Tanzania on Thursday ratified the agreement establishing the African Continental Free Trade Area (AfCFTA), effectively joining a pact connecting countries with a total gross domestic product of $3.4 trillion.
There is a sense of drift in Africa’s trade relations with the West, as both America and Europe rethink how they do business with the continent. The old approach was paternalistic and gave Africans little say. But the new one, handled badly, could put Africa’s own integration at risk.
Kenya is engaging South Korea for a trade deal that will see reduction or complete removal of duty on exports to the Asian country, mainly on coffee and agricultural produces.
The EU-Kenya agreement to implement the Economic Partnership Agreement originally planned with the entire East African Community unties the Gordian knot between its supporters and opponents among African countries in the short term, but has long-term consequences beyond the divergence of tariffs towards the EU.
Winshear Gold Corp. has filed a case at ICSID against Tanzania for the expropriation of the company’s retention licenses, claiming the country has breached its obligations under the Tanzania-Canada BIT.
Indiana Resources files a memorial on the arbitration with Tanzania over the expropriation of the Ntaka Hill Nickel Project, whereby it claims the amount of AU$127 million, including interest which continues to accrue.
Zimbabwe and Malawi are engaged in talks to revise their Bilateral Trade Agreement to ensure its provisions speak to a modern-day investor and assist in addressing pressing development needs of the two countries.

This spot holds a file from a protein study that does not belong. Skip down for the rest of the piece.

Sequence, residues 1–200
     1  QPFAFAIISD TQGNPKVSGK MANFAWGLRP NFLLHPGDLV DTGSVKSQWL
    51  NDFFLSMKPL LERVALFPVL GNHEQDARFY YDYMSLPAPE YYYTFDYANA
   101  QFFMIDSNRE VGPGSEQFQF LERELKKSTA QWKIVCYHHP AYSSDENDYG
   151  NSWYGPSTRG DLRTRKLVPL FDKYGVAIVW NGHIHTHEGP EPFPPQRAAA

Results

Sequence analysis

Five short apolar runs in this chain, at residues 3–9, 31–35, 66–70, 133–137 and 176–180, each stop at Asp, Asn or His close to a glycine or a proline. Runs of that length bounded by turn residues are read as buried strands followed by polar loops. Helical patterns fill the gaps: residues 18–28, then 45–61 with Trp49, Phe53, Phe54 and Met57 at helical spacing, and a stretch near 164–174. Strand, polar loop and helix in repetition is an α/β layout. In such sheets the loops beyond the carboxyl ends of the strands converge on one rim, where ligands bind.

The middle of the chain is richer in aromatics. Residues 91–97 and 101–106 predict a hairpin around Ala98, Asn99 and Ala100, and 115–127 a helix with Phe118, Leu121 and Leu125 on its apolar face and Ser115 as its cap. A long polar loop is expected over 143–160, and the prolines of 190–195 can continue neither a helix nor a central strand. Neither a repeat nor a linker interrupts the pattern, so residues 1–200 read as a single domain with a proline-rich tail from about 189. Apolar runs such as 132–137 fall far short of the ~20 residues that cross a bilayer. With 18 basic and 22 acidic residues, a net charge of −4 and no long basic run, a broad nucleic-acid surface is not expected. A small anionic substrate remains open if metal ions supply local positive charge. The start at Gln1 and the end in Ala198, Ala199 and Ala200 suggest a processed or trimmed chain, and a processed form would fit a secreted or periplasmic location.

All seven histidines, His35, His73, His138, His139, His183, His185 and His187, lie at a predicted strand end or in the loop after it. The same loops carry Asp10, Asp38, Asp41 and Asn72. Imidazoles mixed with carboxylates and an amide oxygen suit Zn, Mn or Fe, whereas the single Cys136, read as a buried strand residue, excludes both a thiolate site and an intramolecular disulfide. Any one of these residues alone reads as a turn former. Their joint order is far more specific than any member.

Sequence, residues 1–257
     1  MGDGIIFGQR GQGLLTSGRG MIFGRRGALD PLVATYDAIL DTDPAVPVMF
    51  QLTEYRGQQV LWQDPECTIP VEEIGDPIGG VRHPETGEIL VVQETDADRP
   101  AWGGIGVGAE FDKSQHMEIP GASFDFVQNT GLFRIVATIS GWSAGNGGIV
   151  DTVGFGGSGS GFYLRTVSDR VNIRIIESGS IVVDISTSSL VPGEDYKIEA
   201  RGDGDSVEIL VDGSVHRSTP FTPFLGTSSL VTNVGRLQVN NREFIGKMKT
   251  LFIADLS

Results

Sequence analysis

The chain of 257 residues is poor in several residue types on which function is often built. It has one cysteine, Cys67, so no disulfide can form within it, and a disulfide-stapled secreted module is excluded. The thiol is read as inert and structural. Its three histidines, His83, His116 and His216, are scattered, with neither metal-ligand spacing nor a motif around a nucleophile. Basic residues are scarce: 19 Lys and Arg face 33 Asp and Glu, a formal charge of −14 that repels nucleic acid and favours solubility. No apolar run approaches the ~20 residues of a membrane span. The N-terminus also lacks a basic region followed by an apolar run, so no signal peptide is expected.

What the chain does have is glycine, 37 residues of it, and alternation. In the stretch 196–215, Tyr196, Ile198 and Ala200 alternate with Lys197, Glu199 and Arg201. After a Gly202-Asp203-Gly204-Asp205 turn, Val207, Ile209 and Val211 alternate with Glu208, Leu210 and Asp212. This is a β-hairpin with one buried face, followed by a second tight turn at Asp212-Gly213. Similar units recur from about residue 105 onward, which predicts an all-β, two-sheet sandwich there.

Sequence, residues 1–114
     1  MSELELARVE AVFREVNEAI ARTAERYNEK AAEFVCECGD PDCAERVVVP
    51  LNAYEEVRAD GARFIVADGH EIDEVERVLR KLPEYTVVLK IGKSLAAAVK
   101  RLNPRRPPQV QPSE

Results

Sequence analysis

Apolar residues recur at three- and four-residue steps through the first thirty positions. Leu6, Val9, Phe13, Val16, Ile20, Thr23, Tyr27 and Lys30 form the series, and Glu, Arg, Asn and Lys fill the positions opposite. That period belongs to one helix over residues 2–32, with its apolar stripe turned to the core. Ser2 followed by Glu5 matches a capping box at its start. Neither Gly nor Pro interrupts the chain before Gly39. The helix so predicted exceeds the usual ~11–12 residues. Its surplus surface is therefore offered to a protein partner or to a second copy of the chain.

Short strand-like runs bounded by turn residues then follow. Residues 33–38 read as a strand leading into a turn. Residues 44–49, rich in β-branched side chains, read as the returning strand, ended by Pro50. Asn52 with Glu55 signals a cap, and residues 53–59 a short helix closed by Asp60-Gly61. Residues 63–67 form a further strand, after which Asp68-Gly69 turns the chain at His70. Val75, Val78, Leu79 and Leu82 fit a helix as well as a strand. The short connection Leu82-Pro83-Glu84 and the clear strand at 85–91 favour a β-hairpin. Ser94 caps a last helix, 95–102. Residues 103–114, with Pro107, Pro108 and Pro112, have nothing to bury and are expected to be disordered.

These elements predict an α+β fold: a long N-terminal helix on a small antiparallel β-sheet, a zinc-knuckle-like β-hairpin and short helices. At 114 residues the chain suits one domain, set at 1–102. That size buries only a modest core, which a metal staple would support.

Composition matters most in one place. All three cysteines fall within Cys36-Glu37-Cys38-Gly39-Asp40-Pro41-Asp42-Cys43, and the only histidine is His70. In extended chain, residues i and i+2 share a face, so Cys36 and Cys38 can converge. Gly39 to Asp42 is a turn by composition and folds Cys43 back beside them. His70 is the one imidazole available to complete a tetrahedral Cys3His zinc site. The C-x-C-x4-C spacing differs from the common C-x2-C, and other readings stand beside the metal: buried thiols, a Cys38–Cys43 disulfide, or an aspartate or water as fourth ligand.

The government of Tanzania will ratify the Africa Continental Free Trade Area (AfCFTA) between June and October this year.
Indiana Resources expects to begin arbitration with Tanzania over the expropriation of the Ntaka Hill nickel project and other alleged breaches of the UK-Tanzania BIT early 2021.
Indiana Resources has lodged a $95-million compensation claim against the government of Tanzania over the "illegal expropriation” of the Ntaka Hill nickel project.
Tanzania’s reforms show that the claim that African states should regard ISDS mechanism as the preferred method for resolving investment disputes is not only very contested, but that there are legitimate grounds for those contestations.
Tanzania is looking to protect its locally-made goods in the trade negotiations with Britain that are underway.
Funding will support legal costs associated with the claim against Tanzania regarding the the expropriation of the Ntaka Hill Nickel Project.
The dispute is related to Canada-based company Montero Mining’s investment in the Wigu Hill rare earth element project.
Australian mining company Indiana Resources has become the second company in a week to declare a dispute with the Tanzanian government over repossessed retention licences.
The dispute arises out of certain acts and omissions of the United Republic of Tanzania, relating to the SMP Gold Project, says the company.
Civil society groups are now calling on governments to reform their investor state dispute settlement because “it is being unfairly used by investors to sue states for millions of dollars.”
Civil society and trade union statement to oppose the recent World Bank Court ruling against Tanzania.
The growing number of legal suits that multinational companies are bringing against Tanzania and other African countries is a major concern.
Two months to the East African Community’s Summit, partner states are keeping the European Union guessing over the controversial Economic Partnership Agreement (EPA) whose signing stalled in 2016.